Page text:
You are here


The first players to participate in the 7s Olympic Development Program are Trevor Tanifum, Pase Iosia and Iniki Fa’amausili. They’re all training on a daily basis at the Columbus branch of Tiger Rugby, working with Paul Holmes and skills coach Elliott Pollard.

Tanifum, a Maryland Terrapin, took the Collegiate Rugby Championship by storm last spring, leading the tournament in tries with 10. That performance earned him a spot on the 7s All American squad. Tanifum is English-born and raised and has been playing rugby since the age of seven. He spent two years in the London Irish Academy.

Tanifum has graduated from Maryland and wants to become an Eagle. He reached out to the Tiger coaches, and they did their homework on him.

“I spoke to some of the coaches, including Al Caravelli and Tony Pacheco, and a lot of guys loved him, said he’s got big upside, but he needs to be polished up,” said Tiger coach James Walker.

“Obviously, just judging from the CRC, you don’t score 10 tries in a tournament unless you at least have something going for you. That said, the CRC is not that high of a level of competition, but he is playing against his peers and dominating. If we can get him dominating his peers at the next level, scoring 10 tries a tournament, he’s going to do pretty well for himself.”

Fa’amausili and Iosia were on the U20s team that won the Junior World Rugby Trophy last summer, they’re both playing DI men’s club rugby (Iosia for Belmont Shore and Fa’amausili for Glendale), and they both have bright futures.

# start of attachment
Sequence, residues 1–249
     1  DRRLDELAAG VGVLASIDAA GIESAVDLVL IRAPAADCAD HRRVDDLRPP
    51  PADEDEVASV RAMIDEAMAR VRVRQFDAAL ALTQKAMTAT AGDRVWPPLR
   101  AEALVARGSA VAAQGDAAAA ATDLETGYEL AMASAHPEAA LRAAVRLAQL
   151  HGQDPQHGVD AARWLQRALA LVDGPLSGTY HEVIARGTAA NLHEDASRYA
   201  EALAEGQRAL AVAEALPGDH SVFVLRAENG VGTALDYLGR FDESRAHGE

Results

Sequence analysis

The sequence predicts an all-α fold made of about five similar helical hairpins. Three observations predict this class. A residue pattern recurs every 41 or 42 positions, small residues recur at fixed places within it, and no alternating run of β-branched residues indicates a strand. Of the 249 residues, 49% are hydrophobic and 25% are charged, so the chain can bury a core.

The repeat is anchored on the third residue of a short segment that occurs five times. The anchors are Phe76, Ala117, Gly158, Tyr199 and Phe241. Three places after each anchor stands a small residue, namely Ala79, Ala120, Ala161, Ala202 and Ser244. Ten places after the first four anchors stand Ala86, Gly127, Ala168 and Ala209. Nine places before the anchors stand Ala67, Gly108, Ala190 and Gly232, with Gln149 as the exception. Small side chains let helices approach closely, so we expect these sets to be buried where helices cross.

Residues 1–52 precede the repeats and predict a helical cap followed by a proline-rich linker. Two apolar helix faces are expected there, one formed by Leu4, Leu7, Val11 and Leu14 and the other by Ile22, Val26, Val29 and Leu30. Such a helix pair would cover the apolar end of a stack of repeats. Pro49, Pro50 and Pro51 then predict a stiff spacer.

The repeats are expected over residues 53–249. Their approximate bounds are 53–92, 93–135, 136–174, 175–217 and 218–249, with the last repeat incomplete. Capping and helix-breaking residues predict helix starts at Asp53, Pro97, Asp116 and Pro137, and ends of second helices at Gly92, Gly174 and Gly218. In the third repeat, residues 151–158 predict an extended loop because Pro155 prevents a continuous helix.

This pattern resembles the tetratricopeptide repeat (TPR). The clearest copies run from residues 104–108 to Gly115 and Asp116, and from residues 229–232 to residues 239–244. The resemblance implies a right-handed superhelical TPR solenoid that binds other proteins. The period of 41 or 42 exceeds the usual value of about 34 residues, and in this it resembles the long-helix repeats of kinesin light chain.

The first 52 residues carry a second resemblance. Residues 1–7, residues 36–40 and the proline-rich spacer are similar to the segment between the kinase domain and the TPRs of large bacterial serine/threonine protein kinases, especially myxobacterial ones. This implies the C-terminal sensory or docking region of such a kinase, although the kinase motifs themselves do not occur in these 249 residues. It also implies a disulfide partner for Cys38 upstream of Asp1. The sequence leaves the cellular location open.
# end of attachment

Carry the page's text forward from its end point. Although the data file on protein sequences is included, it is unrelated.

“Those guys are the typical Polynesian boys – they come in, they’re naturally very gifted rugby players, but a lot of them don’t really get the chance to get into the gym,” said Walker. “They’ve both got decent fundamentals. But we fitness tested them, and especially in the upper body, they were very weak. I mean, very weak.”

Holmes, a personal trainer and fitness guru by trade, is going to try and put some meat on Iosia and Fa’amausili before they go back to their respective clubs in 4-6 weeks time.

“Our thoughts are they’ve both operated at a pretty good level for their age, the Junior World Rugby Trophy,” said Walker, “but if we put some muscle on them it will transform their games.”

These three players represent just the first wave of players to participate in the ODP. Walker and Holmes are hoping to bring in some more Olympic hopefuls following USA Sevens and the Las Vegas Invitational.